Workers from the WynnWood sawmill in southeastern British Columbia are buying bags of chips and hot dogs at a nearby gas station. Owner Betty Ann Gordon is at the counter, ringing people up.
Like many folks around here, Gordon’s business depends on the mill. And right now there’s some uncertainty. “Nobody knows … what’s going to happen,” she said.
That’s because a trade war is brewing between the United States and Canada over timber. New timber tariffs could save mills in the U.S., but at the cost of jobs in Canada. In May, there were shift cuts at seven sawmills owned by Resolute Forest Products in Quebec, affecting more than 1,000 workers. And in British Columbia – a major world exporter of softwood lumber – mills and timber workers are bracing for more.
In April, the Trump administration slapped tariffs on softwood lumber coming across the border, making the wood up to 24 percent more expensive. It’s something U.S. lumber producers have been asking for, and it’s a test of Trump’s “America First” trade policy. But it could also cost British Columbia more than 1,000 timber jobs.
“Your government is trying to create jobs, my government is trying to create jobs,” said Ron Toyota, the mayor of Creston, B.C., a ten minute drive north of the U.S. border. “If we’re all trying to create the same job … someone wins and someone loses.”
And Canada is putting up a fight. It’s threatened to ban or tax U.S. goods coming across the border, including shipments of coal through a seaport in Vancouver. That port is a lifeline for Cloud Peak Energy, one of the largest coal producers in the U.S.
Canada has also proposed aid packages to assist forestry workers and companies hurt by the duties.
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Timber layoffs aren’t new in Canada. When a trade agreement with the U.S. lapsed in 2000, Canada lost 20,000 timber jobs. Since then, some of the country’s largest lumber producers have hedged their bets against potential tariffs by buying sawmills in states like South Carolina and Georgia, where the lumber they make won’t be taxed by the duties. Harry Nelson, a forestry professor at the University of British Columbia, said these larger companies could also benefit because they own a lot of mills.
“So if they’ve got to reduce production, they can at least shut down maybe one of their mills but still keep their other mills going,” Nelson said.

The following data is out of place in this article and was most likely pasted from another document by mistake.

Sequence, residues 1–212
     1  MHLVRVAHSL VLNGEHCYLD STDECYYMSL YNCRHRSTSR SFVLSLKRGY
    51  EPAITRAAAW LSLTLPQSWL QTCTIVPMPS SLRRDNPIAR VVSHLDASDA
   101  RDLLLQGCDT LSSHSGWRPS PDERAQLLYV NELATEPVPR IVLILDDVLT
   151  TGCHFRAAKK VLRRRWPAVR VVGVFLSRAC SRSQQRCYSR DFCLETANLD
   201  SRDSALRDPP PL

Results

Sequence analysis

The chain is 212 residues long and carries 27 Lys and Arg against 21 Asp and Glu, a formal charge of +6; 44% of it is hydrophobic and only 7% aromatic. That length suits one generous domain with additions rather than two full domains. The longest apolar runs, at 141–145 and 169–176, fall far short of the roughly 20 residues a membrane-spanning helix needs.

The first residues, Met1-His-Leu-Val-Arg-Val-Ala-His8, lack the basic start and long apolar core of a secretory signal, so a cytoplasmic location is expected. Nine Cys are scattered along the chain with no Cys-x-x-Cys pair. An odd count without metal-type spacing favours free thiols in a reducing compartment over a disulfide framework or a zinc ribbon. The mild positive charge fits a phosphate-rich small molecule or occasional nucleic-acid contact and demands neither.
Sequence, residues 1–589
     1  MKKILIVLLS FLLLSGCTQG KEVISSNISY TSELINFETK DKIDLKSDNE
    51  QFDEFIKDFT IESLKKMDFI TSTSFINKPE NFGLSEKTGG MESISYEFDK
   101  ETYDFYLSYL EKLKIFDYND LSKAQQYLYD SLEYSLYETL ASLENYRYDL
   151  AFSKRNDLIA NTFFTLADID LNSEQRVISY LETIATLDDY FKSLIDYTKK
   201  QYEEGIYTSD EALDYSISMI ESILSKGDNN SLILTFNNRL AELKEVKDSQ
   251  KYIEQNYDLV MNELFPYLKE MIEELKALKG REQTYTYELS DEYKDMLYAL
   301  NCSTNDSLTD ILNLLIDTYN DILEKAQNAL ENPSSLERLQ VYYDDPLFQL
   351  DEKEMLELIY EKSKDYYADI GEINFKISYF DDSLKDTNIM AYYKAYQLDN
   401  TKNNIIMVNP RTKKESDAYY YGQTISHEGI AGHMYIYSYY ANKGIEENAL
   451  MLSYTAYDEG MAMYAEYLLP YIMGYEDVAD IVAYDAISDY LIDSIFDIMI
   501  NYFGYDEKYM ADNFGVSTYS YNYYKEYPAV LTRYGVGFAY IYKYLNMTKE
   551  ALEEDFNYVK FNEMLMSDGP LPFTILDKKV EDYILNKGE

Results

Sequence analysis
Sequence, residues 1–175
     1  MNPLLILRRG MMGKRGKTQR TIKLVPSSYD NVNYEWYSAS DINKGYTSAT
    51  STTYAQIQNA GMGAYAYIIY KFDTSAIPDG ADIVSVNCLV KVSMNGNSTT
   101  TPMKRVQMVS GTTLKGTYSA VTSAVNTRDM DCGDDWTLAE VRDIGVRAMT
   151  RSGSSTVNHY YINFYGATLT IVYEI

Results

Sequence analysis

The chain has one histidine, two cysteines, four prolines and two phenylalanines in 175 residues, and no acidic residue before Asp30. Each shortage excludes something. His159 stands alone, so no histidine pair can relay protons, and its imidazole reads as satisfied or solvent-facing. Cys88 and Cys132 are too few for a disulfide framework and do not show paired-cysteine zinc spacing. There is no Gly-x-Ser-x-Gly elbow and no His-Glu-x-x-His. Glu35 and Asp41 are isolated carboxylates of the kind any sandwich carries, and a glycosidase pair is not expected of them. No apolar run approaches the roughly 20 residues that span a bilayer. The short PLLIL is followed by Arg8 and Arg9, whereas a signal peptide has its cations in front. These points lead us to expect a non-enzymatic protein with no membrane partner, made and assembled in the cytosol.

But not every timber company has that flexibility, he says. “That’s not an option for a smaller company that may only have one mill.”
And it’s these small, family-owned mills that will be bruised.
“They’re the ones that have got the most to lose,” Tanya Wall, a local politician in Creston, said.
She also works at a small, family-owned mill and said the duties could cut into profit margins and eventually cost money and jobs. Money and jobs the U.S. wants.
Canada took advantage of an expired trade deal in 2015 and sold lumber at unfairly low prices here in the U.S, and that hurt mills across the country, says Gordy Sanders, a resource manager at Pyramid Mountain Lumber in Seeley Lake, Montana.
“The small family-owned mills in the U.S. … have suffered financially,” Sanders said.
There were layoffs, shift cuts and mill closures. The new duties, Sanders said, could help even the playing field and eventually save some timber jobs in the U.S.
“It sheds a little light at the end of the tunnel,” he said.
But that same light is dimming for timber jobs in Canada.
“I don’t like to hear that,” said Steve Johnson, the sales manager at Pyramid Mountain Lumber in Montana. “I don’t like to hear anybody losing jobs, but we were kinda in the same boat before the duties … but we need to be competitive with each other, too.”
The Trump administration is expected to announce a second round of duties on Canadian softwood lumber that could cost even more jobs north of the border.
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